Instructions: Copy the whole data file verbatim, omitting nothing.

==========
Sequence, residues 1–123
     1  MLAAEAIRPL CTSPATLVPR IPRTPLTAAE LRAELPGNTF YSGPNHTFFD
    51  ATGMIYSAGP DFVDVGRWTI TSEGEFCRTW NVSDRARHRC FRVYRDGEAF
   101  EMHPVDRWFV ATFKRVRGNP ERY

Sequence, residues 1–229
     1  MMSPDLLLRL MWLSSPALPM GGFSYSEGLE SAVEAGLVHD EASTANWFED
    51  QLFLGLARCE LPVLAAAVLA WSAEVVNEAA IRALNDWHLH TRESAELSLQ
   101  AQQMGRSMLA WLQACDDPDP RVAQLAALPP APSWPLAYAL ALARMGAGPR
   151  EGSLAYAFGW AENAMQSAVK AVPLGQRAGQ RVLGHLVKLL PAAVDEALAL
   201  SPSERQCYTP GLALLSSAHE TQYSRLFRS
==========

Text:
Sequence, residues 1–123
     1  MLAAEAIRPL CTSPATLVPR IPRTPLTAAE LRAELPGNTF YSGPNHTFFD
    51  ATGMIYSAGP DFVDVGRWTI TSEGEFCRTW NVSDRARHRC FRVYRDGEAF
   101  EMHPVDRWFV ATFKRVRGNP ERY

Sequence, residues 1–229
     1  MMSPDLLLRL MWLSSPALPM GGFSYSEGLE SAVEAGLVHD EASTANWFED
    51  QLFLGLARCE LPVLAAAVLA WSAEVVNEAA IRALNDWHLH TRESAELSLQ
   101  AQQMGRSMLA WLQACDDPDP RVAQLAALPP APSWPLAYAL ALARMGAGPR
   151  EGSLAYAFGW AENAMQSAVK AVPLGQRAGQ RVLGHLVKLL PAAVDEALAL
   201  SPSERQCYTP GLALLSSAHE TQYSRLFRS